• Comparisons are at the root of discontent. Looking at what someone else has/has accomplished is a sure-fire way to feel less satisfied with what you have/have done. Not only does the grass look greener over there, but we are not privy to whatever is lurking below the surface. This is very true for physical appearance issues like weight – the women on the cover of People look great. When I look in the mirror, I see rolls and flab and the pounds that still need to be shed. But it is also true for our inner selves. Many people appear happy, positive, well-adjusted and relatively problem-free – in comparison to us. When we look at our ourselves, we see the inner struggles, the warts and blemishes, the imperfect whole – and we end up feeling like an inferior mess. Comparing ourselves to others is a red-herring. It diverts our attention from our true focus, which is being our best selves.
  • Perfectionism derails a sense of accomplishment. Our culture regularly proclaims the importance of cultivating a relentless pursuit of excellence. I’m not saying that we shouldn’t strive for excellence. However, this push can cause us to denigrate “pretty damn good”, as if the only acceptable or worthy-of-cheering result is perfection. And if we do achieve something praiseworthy, we celebrate quickly and move on to the next challenge – “Woo hoo! What’s next?”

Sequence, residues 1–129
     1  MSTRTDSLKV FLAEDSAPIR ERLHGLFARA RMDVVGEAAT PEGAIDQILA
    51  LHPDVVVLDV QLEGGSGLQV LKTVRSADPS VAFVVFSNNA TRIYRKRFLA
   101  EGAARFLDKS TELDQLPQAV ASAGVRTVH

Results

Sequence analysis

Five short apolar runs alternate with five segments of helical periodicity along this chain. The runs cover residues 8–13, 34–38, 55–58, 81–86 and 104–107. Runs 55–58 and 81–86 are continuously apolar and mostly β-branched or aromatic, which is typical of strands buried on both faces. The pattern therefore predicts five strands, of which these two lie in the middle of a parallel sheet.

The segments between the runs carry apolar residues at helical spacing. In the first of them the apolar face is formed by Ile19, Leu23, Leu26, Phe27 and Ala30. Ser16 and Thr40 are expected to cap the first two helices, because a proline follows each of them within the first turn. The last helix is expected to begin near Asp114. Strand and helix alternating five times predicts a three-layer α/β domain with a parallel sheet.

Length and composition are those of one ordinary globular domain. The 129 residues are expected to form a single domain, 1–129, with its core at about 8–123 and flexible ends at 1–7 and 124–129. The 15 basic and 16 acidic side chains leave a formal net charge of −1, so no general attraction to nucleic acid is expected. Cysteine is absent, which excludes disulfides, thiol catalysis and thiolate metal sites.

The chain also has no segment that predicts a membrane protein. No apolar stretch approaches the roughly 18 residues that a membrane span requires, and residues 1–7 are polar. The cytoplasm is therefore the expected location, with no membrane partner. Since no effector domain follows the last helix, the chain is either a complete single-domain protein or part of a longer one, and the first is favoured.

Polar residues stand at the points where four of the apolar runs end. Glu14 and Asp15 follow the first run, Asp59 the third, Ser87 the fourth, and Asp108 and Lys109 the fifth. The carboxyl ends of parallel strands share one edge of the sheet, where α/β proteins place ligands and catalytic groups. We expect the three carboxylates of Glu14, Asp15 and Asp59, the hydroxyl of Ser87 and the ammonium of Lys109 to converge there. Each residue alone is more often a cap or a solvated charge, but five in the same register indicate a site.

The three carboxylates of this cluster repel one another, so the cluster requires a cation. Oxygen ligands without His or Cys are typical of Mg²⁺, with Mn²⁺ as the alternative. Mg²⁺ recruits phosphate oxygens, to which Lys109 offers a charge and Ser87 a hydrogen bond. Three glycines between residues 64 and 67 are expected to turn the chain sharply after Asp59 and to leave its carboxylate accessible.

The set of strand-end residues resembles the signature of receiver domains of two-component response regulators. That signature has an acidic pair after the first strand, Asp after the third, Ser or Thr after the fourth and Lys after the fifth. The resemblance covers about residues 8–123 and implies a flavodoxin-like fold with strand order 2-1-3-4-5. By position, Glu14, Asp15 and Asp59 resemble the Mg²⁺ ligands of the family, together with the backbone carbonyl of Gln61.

• Failing to self-reflect keeps us in deficit-thinking. In our hurry to move on to the next thing, we don’t take the time to incorporate our new skills, achievements, recently discovered strengths into our self-definition. When we face a new hurdle, we forget that we have assets we worked hard to attain. Instead of seeing our real strength(s), we continue to operate from a sense of self that is outdated and underdeveloped.
  • Success and happiness are not the same thing. We often trip ourselves up by thinking that this thing or that accomplishment will make us happy. The truth is, we can be very successful at something that we don’t enjoy. We can also be very happy without meeting outward measures of success. The reason for this? Success is about what we do. Happiness resides in who we choose to be.

So, in the face of People’s “Half Their Size” issue, who am I choosing to be? I am choosing to be someone who can celebrate others’ success without downgrading my own. I’m choosing to remember that, regardless of what goals I have set for myself, I am already whole and valuable as I am. And I am choosing to find happiness inside my own heart and inside this present moment. I hope you are choosing well for yourselves, too!